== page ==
A contested primary characterized by insurgent candidates, a brutal presidential campaign and the election of Donald Trump have launched scores of newfound activists. The Women’s March over the weekend was a potent example of that potential political wakening, attracting more than two million participants around the country.

As the demonstrators return to their normal lives, can they keep it up?

One effort to harness that energy toward progressive causes is Swing Left, which launched last Thursday. Its website helps connect those interested in volunteering for or donating to Democratic 2018 congressional campaigns in their nearest “swing district.”

While the Senate map in 2018 is stacked against Democrats, the site argues, the House is potentially up for grabs given low turnout in mid-term elections and the general lack of attention (and money) devoted to House races.

According to the site’s estimates, 52 of the House’s 435 seats are “competitive.” If Democrats win 80 percent of those, they will take back the House, restoring divided government in the same way that the Tea Party stymied President Barack Obama and his agenda in 2010. Roadblock in place.

Sound easy?

It’s a tempting proposal for liberals and progressives living in places like New York City whose own congressional representation is uniformly blue other than, unsurprisingly and unshakeably for now, Rep. Dan Donovan who represents Staten Island and some parts of Brooklyn.

For those living in Brooklyn, Queens and the Bronx, the website suggests focusing on New York’s 3rd Congressional District, which covers a small part of Queens and the North Shore of Long Island (Manhattan and Staten Island residents are sent across state lines to different New Jersey districts).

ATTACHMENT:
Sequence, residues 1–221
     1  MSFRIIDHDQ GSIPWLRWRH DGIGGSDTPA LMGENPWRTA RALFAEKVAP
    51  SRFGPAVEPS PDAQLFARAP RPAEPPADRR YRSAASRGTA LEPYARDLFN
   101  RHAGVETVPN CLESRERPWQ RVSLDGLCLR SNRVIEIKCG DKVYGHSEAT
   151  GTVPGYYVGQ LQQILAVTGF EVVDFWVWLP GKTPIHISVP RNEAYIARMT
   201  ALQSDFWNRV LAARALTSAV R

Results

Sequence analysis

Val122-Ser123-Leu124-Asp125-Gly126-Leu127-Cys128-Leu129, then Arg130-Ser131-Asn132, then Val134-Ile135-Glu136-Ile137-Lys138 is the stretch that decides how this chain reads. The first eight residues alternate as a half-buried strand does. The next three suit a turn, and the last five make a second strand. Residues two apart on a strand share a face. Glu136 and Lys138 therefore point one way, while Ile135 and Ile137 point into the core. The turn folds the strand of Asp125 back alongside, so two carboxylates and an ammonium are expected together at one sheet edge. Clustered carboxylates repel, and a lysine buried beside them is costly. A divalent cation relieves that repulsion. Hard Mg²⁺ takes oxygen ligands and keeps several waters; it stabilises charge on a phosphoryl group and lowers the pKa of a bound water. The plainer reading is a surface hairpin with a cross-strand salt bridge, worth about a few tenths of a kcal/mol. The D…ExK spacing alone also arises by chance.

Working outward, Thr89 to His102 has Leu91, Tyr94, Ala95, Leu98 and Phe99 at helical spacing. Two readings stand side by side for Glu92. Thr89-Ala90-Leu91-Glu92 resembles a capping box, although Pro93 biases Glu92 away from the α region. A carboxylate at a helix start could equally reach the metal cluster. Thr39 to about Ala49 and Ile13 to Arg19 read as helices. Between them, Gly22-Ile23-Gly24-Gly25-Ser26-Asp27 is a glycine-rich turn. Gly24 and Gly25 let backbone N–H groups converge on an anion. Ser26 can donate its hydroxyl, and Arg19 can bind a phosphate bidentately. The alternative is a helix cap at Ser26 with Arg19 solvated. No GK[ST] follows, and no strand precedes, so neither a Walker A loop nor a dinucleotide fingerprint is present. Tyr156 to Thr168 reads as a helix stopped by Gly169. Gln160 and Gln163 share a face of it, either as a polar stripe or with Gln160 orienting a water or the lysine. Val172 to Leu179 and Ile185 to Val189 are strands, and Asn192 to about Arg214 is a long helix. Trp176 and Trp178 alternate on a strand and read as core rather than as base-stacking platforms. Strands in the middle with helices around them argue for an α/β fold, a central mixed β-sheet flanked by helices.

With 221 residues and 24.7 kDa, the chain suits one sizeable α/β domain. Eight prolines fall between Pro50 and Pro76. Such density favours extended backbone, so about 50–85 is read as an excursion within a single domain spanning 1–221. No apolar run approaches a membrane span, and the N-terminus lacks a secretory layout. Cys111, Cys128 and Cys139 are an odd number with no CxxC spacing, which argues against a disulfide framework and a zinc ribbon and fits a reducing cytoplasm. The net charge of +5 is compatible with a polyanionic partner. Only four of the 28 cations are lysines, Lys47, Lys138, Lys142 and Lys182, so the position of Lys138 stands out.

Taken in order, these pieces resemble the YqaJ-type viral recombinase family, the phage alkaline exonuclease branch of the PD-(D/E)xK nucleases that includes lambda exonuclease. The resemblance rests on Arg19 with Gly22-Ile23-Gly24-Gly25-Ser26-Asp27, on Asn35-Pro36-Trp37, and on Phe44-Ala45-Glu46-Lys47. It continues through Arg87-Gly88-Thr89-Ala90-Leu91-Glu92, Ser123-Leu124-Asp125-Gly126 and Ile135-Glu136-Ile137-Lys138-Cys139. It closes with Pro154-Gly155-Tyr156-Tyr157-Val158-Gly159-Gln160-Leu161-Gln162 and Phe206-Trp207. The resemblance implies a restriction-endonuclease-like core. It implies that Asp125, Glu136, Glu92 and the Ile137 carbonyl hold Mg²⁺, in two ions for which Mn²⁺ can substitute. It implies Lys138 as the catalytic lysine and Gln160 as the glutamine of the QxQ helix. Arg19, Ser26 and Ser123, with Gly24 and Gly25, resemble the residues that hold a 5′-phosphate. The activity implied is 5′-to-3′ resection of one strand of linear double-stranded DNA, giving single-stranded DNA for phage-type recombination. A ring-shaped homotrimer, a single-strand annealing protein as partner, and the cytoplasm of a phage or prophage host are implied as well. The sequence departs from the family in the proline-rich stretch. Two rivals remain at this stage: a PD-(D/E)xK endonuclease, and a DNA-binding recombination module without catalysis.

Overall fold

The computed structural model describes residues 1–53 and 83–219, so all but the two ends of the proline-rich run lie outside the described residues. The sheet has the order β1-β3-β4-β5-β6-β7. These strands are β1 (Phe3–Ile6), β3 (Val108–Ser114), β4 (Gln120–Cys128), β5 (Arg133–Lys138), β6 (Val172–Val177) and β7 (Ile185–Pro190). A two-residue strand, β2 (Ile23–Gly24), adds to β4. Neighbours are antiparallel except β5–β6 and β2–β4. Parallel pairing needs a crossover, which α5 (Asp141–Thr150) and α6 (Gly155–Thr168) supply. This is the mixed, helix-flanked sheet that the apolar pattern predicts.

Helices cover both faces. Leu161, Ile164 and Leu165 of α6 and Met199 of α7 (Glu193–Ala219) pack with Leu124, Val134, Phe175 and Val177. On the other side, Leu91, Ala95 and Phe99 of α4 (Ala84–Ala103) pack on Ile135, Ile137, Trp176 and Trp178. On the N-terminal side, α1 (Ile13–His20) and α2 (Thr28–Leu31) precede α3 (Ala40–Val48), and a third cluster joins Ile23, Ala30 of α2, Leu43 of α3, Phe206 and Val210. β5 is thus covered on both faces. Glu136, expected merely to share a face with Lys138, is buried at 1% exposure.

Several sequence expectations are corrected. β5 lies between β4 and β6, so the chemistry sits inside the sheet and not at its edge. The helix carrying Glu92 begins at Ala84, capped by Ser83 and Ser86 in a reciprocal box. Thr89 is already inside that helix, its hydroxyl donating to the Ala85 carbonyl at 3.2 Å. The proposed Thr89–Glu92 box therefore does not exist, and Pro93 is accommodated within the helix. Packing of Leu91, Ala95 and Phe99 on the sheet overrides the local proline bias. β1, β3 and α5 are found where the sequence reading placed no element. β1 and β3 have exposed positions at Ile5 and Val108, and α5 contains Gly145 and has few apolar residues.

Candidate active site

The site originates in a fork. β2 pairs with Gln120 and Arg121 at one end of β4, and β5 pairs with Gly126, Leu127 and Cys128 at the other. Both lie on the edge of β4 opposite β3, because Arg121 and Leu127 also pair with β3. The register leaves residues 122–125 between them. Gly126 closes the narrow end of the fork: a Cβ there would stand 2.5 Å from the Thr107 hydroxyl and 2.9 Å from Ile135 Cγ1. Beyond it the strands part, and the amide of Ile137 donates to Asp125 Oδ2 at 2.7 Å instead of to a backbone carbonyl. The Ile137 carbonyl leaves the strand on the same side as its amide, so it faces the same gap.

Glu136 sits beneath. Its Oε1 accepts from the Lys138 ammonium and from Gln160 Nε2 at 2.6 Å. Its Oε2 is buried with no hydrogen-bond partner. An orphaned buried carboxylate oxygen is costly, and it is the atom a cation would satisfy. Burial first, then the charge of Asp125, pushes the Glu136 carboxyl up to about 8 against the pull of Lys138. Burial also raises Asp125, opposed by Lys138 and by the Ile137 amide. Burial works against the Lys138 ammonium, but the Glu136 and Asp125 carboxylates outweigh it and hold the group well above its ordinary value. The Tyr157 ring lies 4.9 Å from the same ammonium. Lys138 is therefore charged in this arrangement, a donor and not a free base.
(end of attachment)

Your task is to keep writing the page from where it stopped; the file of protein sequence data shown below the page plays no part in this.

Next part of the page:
Democrat Tom Suozzi won that seat in November in a close race to replace Steve Israel, a Democrat who retired after 16 years in office.

The site, founded by three professionals in marketing, education, and brand strategy, prioritizes races won or lost by 15 percent in 2016, but doesn’t appear to take party registration data or district history into account. If it did, it might be directing volunteers to the nearby 2nd Congressional District, where Democrats could stage an upset.

That district is home to long-serving Republican Rep. Peter King, who won in 2016 with a margin just over the site’s 15 percent threshold. Should he retire, that district would be highly contested. Flipping a long-time Republican seat in a district whose party registration is nearly evenly split would be a huge win. In the Third Congressional District, on the other hand, Democrats already hold a far larger registration advantage.

The site has other peculiarities. If you search for opportunities to get involved from Washington State, for example, the site says your nearest swing district is hundreds of miles away in Nevada. That may be so if all energy is focused on the 52 districts strictly chosen by the group, but perhaps there’s a less competitive but still important district closer by that someone would actually work in, rather than throwing up their hands at the far trip or long distance calls — harder to put in that work than share a status on Facebook.

On Long Island, a receptionist at Suozzi’s district office said there hadn’t been a surge in volunteers from Swing Left yet. Michelle Finocchi, a Swing Left representative, wrote in an email that the group has not yet been in touch with the Democratic candidates they hope to help, as they have been “focused on building a supporter network.” Finocchi says the group is self-funded.

Swing Left is one of various tech-powered attempts to rejigger politics and unleash the potential of voters everywhere: like Flippable or Knock Every Door, which hopes to identify canvassers around the country to help gain info and organize against Trump.

Other progressive groups, such as Brand New Congress, organized by veterans of Sen. Bernie Sanders’ campaign, have ambitious agendas. For Brand New Congress, the goal is to upend every single district, not just the red ones. That’s a tall order, if intriguing.

The possibilities of technology embraced by politicians from Howard Dean to President Barack Obama to Sanders to Trump gives these new attempts promise. Over the next few years, they’ll have to weather waning interest from the recently radicalized when the adrenaline of marches fade and other organizations compete for interest. Plus, they’ll be up against the resources of incumbents and complexities of the current system — and all the other mounted barriers to swing.